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25 Movies to See Before the Oscars: 11. Nebraska

Nominations: Picture, Director, Actor, Supporting Actress, Original Screenplay, Cinematography

(L to R) Bruce Dern and Will Forte in 'Nebraska'

Nebraska isn’t about a band of sexy grifters trying to outplay the Mob and FBI, and it isn’t about unlikely heroes banding together to survive attacking pirates, and it isn’t about a morally inept cocaine-huffing billionaire – no, nothing as glamorous as all that. Director Alexander Payne’s latest wandering-spirit narrative is about a wispy-haired codger named Wood Grant, played by the truly original Bruce Dern in perhaps his best role ever, who is looking so hard for something to give his life meaning that he buys into a magazine-selling gimmick that tells him he might be a millionaire, much to the chagrin of his piss-and-vinegar wife Kate, played by diamond-in-the-rough June Squibb, and weary-eyed son David, played by the pleasantly surprisingly adept dramatic actor Will Forte. So David decides to give into his father’s fantasy, whether driven by desperate denial or dementia, and relents to drive him to Nebraska to see if Woody has won a million dollars.

The film, shot in dreamy black-and-white, dances on the razor’s edge between mockery and sympathy amazingly well; blurring such lines between open pity and mild observance has always been one of Payne’s greatest directing fortes. Woody’s story is so utterly unexciting though that its easily to confuse what sentiment one is supposed to feel. Despite this and films general melancholy, the film broils with a quiet heart. David is stuck in middle age, struggling and frustrated with his mediocrity, just as his father had once – its their roadtrip together where David begins to identify with the father that always kept him at arms length. In a sense Payne acts as a non-conformist by being a conformist: Nebraska doesn’t fall in with the twenty-first century, beautiful-tragedy-of-human-life Absurdist trope that so many filmmakers nowadays use as a default narrative of honesty, it blooms with a warm and fully satisfying third act that reaffirms the father-son bond at the soul of the movie that makes the painfulness of trudging through lies, deception, and alcoholism all the more meaningful.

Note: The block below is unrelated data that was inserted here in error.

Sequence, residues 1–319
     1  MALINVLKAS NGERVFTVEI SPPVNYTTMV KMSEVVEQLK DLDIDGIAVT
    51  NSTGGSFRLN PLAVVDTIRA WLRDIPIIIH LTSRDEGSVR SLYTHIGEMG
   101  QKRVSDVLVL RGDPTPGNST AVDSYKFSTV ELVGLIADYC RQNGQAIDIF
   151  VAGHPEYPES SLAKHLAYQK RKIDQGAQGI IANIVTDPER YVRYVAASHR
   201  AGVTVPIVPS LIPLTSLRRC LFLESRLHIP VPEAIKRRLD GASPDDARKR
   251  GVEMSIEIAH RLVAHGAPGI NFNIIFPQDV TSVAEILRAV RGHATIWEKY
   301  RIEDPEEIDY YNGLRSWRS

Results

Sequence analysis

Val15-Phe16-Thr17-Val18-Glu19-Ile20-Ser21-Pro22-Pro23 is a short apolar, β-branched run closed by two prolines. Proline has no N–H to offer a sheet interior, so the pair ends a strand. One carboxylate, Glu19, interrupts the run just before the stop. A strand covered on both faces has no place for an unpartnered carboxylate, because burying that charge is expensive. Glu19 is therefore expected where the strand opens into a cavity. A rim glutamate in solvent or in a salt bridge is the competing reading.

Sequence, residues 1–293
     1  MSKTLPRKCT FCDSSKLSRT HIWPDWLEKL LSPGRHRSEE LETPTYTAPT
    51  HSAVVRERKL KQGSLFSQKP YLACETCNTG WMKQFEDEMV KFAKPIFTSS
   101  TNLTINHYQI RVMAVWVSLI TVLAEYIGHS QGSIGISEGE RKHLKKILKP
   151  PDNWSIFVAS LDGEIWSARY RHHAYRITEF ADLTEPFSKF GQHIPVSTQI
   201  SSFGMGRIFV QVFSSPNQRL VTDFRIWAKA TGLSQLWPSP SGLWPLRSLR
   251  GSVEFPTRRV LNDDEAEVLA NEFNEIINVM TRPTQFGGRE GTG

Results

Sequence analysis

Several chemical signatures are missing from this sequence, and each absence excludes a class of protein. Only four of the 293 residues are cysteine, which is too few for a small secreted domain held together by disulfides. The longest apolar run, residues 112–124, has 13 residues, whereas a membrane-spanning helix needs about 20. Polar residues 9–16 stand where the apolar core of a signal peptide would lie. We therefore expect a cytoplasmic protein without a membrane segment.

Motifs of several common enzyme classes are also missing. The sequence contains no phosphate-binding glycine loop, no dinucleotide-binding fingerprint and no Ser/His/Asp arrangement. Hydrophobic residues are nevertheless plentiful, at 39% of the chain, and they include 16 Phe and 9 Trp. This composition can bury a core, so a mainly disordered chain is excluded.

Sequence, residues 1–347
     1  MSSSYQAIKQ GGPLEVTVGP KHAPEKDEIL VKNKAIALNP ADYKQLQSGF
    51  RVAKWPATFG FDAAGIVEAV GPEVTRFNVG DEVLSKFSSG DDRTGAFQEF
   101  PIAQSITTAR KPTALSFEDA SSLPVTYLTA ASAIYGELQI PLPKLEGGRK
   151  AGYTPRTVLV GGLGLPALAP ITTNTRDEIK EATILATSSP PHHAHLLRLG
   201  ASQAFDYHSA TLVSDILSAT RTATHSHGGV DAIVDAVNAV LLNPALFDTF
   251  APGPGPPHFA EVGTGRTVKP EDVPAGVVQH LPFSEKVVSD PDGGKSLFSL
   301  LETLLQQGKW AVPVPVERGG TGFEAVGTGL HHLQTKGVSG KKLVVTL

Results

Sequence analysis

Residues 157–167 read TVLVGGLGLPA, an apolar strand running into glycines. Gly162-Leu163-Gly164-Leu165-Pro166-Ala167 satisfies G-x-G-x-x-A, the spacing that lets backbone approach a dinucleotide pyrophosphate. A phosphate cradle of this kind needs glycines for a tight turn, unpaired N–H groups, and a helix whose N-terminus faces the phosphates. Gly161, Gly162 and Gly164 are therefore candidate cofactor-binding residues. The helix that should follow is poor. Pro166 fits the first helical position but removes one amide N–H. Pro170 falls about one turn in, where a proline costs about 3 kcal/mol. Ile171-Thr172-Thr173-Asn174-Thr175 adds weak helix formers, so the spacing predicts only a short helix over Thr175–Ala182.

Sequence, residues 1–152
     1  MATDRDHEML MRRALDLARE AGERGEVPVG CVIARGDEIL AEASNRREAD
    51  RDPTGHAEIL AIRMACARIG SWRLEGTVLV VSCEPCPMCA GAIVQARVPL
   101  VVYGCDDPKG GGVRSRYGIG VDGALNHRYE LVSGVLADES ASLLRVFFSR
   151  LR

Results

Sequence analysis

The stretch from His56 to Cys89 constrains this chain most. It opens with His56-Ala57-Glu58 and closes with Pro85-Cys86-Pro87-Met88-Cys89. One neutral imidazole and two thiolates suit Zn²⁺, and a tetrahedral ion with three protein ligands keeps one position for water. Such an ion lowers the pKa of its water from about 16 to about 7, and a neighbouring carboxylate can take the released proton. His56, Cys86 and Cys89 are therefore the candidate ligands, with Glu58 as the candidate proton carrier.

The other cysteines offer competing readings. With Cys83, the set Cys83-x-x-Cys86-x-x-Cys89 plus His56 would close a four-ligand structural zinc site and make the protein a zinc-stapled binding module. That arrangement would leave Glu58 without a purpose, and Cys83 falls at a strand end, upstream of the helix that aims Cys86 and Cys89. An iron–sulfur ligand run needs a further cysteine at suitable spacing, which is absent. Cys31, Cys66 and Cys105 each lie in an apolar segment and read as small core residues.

Lots of people don’t like to make movies about people like Woody and the flat land middle America they inhabit, and for good reason. Payne’s being a born and bred Omaha man gives him a distinct edge of knowing what these average rubes with their practical clothes and their houses decorated with home-spun kitsch, and he uses this knowledge to avoid the obvious pitfalls of this story with the help of screenwriter Bob Nelson. He lets the quirk of the environment breath as it wills like it is a living thing, letting it be bland as it wants as well as ridiculous or frustrating or weird or sweet or hilarious. There’s no forcing of mawkish interludes or uncomfortable and forced doofus humor to fill those open spaces (though there are some oafish cousins who’s gullibility feels like the witty alternative to the idiot archetype) – Nebraska is what it is. And in the very center there’s Dern, the only actor to ever kill John Wayne in a movie, in his lauded performance as boozy, old Woody, full of happenstance acting genius. AMPAS prefers to fill its acting fields with young blood, the younger the better, so there was only one actual space for an elder statesman (At seventy-seven, Dern is thirty-three years older than the next youngest actor, Matthew McConaughey, who is forty-four); Dern is so plainly brilliant that one could be certain that he is reason that Robert Redford wasn’t upset over his Best Actor snub – he carries that torch deservedly for the both of them.

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